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Feature Stories

UIW Continues its Mission to Educate

New Pharmacy Program Set

Starch your white jackets, ladies and gentlemen. Students with an eye to working in pharmacy now have a place to prepare in San Antonio.

Leroy G. Denman Jr. of the George W. Brackenridge Foundation presents a $600,000 check at the press conference to announce the pharmacy program. Also pictured are UIW President Dr. Louis J. Agnese, Jr., and Denman's daughter, Emily Thuss, also a trustee of the Brackenridge Foundation.

A professional degree program to address a nationwide shortage of pharmacists is beginning this fall at the University of the Incarnate Word. With an eye to meeting a critical need both in Texas and the nation, the university will enroll students in a pre-pharmacy track this August and begin a Doctor of Pharmacy (Pharm.D.) degree program in 2006.

The UIW program will be the only one of its type in San Antonio, and one of only 88 in the nation. Currently, there are four public – but no private or faith-based – pharmacy schools in the state of Texas.

“The pharmacy program is a natural step for Incarnate Word for many reasons,” said Dr. Terry Dicianna, university provost. “There is a huge demand for trained pharmacists across the nation, so we are not only helping students train for a needed and worthy vocation, we are also serving the public. This is one more continuation of our work here as part of the mission of the Sisters of Charity of the Incarnate Word.”

Beginning in August, the university will offer a pre-pharmacy track at the undergraduate level that will prepare students to enter a terminal degree program for a Pharm.D. degree.

Incarnate Word will launch its doctoral program in pharmacy in fall 2006, which is the 125 anniversary of the school as well.

It’s just in time. As baby boomers age and the need for medical professionals increases, Texas is facing a critical shortage of trained pharmacists. Statistics indicate that there is a need for 450 new pharmacists in Texas each year – and only 315 students graduate from a pharmacy program in the state pharmacy program annually.

“There is an increasing need for pharmacists, in part because of the aging population,” Dicianna said. “Currently, two-thirds of prescriptions are given to those over the age of 60, and as the senior population grows, so will the need for pharmacists.”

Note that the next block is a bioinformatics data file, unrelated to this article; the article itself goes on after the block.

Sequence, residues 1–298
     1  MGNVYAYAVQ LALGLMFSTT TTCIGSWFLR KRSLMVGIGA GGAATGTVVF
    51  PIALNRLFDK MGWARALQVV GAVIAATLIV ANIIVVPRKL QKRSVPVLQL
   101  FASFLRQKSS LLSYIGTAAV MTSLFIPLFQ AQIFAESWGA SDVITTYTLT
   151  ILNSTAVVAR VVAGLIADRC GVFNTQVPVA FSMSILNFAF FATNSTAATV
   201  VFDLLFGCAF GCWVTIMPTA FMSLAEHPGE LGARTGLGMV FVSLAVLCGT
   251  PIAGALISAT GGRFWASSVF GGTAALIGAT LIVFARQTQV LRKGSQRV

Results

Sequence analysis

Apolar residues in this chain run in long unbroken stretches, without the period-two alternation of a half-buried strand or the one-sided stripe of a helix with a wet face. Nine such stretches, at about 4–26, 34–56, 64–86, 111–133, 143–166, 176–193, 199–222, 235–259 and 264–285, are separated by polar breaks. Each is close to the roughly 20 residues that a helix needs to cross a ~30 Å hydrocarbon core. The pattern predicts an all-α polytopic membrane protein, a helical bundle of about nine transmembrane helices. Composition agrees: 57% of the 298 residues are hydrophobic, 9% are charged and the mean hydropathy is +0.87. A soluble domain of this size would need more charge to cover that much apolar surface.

The pharmacy program, which was launched in January through a $600,000 grant from the George W. Brackenridge Foundation, is exciting not just for members of the UIW community, but all of south Texas. The Bexar County Pharmacy Association also provided an additional $10,000 for student scholarships.

Nearly 60 students have already been admitted into the pre-pharmacy program, which will begin in August, and applications continue to roll in. Hundreds of inquiries have been flooding the Admissions Office since the announcement was made in late January, and a spring informational meeting was standing room only.

The accepted students will spend two years in the pre-pharmacy track, which offers specially designed coursework to prepare them for entrance into the formal pharmacy program.

The Pharm.D. program is a four-year professional track that culminates in the awarding of a doctor of pharmacy degree; it will enroll a maximum of 75 students per year, which makes this a highly competitive program.

Students who choose not to pursue a doctoral degree in pharmacy after their first two years in the pre-pharmacy program will be prepared to enter degree programs in biology, chemistry, nursing and similar disciplines at UIW.

The Pharm.D. program will be highly competitive, with an anticipated four applications for every one accepted. More than 30 percent of applicants will already hold a bachelor’s degree, and approximately 57 percent will have completed three years of college.

In addition to being the first program of its kind in the area, the University of the Incarnate Word program is the only Pharm.D. degree offered in Texas at a private University or a faith-based institution. It also boasts many unique elements that will make the program a flagship for the university, notably an optional bilingual pharmacy certification in English and Spanish.

“We plan to make this program with a bilingual option because of the need for Spanish-speaking pharmacists in south Texas; this, too, will better serve our community,” Dicianna said.

A pharmacy degree also offers graduates a high-paying, service-oriented job right out of college. Average starting salary for pharmacists in 2003 in San Antonio was $80,000-$85,000 and many received a signing bonus.

“The pharmacy program represents a milestone for us in the field of healthcare, where we already have a strong presence because of our outstanding nursing program,” said Dr. Louis J. Agnese, Jr., UIW president. “The pharmacy program will provide new educational opportunities for students in San Antonio that will result in high-quality jobs, while at the same time addressing a severe shortage of pharmacists that’s predicted to persist for the foreseeable future.”


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